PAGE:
Halloween can be great fun. Dressing up, parties, eating your body weight in sweets… but for those of us with anxiety, it’s not always so enjoyable.

If you’re like me, you’re going to be holing up at home on Halloween, and you’re absolutely dreading the entire evening. The thought of strangers knocking on my door with the intention of scaring me just makes me feel sick.

However, over the years I have put together a little survival pack of things to help to reduce my anxiety, and I’d like to share them with you today.

  • Put a sign on your front door that says something along the lines of “NO TRICK OR TREATERS – DO NOT KNOCK”. Display it prominently, at eye level. Put another copy in your front window if necessary. (If you’re not sure how to word your sign, you can use the one I created by clicking on this link: No Trick or Treaters Sign)
  • Don’t display any Halloween decorations outside your house. Having decorations outside tends to suggest that you’re open to Trick or Treaters.
  • Close your curtains and lock your door. Make yourself feel safe.
  • Invite a friend or family member over for the evening. Having some company might make you feel a bit better.
  • Don’t answer the door. If someone ignores your sign and knocks anyway, just don’t answer.
  • If you have been prescribed anxiety medication by a medical professional, make sure you take them – but stick to the prescribed dose.
  • Drink a soothing fruit tea to calm your nerves.cat-691175_1920
  • Keep your pets inside. Even if your cat usually roams around in the evening, keep them in for the night. If they’re out, you will most likely worry about them, which will only add to your anxiety. Plus, if they’re inside, they’ll be available for cuddles.
  • If at all possible, simply getting an early night and going to sleep is a good way to reduce anxiety. Catch up on some sleep, and when you wake up, Halloween will be over!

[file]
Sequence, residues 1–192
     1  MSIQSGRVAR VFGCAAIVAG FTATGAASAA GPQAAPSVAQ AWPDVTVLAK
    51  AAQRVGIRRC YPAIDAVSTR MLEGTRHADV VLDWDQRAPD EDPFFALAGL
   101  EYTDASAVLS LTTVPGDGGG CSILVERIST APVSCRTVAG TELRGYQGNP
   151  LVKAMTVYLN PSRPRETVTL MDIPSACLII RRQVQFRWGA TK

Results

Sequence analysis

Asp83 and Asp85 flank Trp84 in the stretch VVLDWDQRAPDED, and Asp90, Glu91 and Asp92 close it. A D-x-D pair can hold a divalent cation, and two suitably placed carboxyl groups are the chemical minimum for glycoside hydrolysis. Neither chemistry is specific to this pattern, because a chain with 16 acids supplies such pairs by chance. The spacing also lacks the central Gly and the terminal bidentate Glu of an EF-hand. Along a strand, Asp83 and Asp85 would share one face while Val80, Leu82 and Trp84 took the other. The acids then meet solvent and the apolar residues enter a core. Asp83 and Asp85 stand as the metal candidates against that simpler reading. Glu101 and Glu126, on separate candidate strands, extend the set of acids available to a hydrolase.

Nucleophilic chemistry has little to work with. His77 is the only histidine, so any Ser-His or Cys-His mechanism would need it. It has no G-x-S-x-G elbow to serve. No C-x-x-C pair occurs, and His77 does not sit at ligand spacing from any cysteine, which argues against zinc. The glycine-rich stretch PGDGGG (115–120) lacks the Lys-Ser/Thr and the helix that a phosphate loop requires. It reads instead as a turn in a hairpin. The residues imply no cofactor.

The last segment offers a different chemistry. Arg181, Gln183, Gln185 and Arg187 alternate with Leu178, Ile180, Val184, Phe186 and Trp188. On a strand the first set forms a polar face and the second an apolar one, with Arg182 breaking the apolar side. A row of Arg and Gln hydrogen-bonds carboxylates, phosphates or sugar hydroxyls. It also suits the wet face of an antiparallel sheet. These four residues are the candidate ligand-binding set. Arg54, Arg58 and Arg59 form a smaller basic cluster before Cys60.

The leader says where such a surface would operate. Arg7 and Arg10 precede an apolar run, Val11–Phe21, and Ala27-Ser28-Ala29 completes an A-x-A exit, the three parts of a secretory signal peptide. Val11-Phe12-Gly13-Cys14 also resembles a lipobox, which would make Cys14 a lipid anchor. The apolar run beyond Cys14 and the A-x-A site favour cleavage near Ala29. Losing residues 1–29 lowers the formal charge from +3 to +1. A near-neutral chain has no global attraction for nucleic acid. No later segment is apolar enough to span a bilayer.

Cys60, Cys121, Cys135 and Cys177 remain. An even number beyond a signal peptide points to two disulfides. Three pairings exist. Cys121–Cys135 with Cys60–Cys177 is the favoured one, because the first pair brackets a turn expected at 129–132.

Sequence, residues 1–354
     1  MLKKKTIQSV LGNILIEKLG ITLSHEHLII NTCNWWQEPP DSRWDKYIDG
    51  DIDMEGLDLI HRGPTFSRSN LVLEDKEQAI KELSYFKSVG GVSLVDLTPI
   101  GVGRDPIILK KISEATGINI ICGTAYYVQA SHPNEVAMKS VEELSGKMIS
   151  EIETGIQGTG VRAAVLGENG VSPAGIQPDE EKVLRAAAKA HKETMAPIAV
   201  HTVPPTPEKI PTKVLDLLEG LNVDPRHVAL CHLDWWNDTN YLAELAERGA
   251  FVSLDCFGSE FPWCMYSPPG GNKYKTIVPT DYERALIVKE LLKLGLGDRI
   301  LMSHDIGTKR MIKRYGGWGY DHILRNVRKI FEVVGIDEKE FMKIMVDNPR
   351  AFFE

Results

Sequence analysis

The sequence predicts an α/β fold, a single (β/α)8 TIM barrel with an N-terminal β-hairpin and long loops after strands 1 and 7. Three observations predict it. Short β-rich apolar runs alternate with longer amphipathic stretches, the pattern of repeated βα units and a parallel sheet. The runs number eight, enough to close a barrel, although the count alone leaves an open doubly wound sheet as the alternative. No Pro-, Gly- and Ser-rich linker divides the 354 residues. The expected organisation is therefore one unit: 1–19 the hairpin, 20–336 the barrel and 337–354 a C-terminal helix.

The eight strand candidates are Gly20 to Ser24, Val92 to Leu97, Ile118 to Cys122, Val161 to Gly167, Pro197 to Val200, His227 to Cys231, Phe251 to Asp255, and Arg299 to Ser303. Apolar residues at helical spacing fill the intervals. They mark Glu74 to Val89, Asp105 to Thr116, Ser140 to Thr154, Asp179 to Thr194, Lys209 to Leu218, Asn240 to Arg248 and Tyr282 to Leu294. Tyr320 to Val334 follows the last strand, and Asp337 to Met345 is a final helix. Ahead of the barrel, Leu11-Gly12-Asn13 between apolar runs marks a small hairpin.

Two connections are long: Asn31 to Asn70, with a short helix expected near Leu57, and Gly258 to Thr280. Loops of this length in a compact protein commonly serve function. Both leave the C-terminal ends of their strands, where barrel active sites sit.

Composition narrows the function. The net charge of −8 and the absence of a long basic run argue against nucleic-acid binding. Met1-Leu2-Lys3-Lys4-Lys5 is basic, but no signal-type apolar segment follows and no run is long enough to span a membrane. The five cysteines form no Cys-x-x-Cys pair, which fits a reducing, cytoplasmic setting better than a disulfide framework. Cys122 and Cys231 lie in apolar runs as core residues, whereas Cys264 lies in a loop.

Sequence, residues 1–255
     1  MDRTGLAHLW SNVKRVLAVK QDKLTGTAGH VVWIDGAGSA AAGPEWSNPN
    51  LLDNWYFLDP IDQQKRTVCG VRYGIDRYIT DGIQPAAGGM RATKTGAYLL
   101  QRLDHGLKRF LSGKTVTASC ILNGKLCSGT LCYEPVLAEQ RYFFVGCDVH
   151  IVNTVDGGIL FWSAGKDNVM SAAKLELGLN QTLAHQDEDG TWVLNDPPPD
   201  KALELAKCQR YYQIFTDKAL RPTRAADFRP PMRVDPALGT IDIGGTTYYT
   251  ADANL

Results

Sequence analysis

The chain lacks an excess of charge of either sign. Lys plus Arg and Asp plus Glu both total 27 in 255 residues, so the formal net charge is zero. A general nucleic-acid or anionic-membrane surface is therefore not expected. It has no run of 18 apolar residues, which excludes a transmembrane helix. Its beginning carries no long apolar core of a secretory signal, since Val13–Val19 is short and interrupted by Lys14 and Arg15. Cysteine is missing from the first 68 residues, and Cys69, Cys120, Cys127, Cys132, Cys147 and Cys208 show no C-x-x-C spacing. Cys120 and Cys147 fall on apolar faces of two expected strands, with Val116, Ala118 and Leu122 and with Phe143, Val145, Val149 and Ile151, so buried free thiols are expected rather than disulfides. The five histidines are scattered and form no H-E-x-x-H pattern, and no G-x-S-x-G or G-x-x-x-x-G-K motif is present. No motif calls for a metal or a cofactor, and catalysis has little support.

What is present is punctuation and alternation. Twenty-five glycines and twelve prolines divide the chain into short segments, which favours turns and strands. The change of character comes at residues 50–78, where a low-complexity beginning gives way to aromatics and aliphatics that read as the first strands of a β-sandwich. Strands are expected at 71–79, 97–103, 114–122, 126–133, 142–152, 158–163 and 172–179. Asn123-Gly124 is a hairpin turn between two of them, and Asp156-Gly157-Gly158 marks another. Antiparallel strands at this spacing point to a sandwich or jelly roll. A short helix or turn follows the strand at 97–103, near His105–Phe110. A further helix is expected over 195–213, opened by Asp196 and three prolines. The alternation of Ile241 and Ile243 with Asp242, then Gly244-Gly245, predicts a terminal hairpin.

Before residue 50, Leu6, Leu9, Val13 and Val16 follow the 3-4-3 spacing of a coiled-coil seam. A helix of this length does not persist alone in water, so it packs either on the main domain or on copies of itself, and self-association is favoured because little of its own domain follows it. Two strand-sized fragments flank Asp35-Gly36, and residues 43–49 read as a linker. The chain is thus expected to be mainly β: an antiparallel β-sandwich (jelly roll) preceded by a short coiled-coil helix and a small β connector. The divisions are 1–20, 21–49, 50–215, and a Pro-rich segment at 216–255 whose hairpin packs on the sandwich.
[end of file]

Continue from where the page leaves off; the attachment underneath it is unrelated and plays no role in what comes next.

• If you’re really worried about being harassed or people causing damage to your property, you might consider installing some CCTV cameras. It’s expensive, but might be worth it if it gives you peace of mind. Another similar option is one of those doorbell cameras. When someone rings the bell, it alerts you on your phone. You can see who is at the door, and you can speak into your phone and the person at the door can hear you. You can ask them what they want, or just tell them to go away, all without having to answer the door. Again, expensive, but it’s a potential option.
  • If you feel genuinely unsafe (for example, if someone is persistently banging on your door, or is threatening to vandalise your property), call the police. Halloween is not an excuse for criminal behaviour.halloween-1773447_1920.jpg
  • And finally, try to remember that the majority of people who are out and about on Halloween will be kids and their parents, with no ulterior motive, and who will respect your sign and wishes to be left alone. Even if they miss your sign, they will most likely knock, realise you’re not answering, and move on. It’s only a small minority of people who use Halloween as an excuse to target people, and it’s unlikely you will encounter them. And if you do, you’ve got plans in place, and you’re safe inside your house.

I hope you find some of these tips useful, and I wish you all a safe Halloween.

What are your thoughts on Halloween? Do you have any of your own useful tips to reduce Halloween-anxiety? Let me know in the comments!

 

Halloween and Anxiety

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Written by hazel

mental health blogger and advocate

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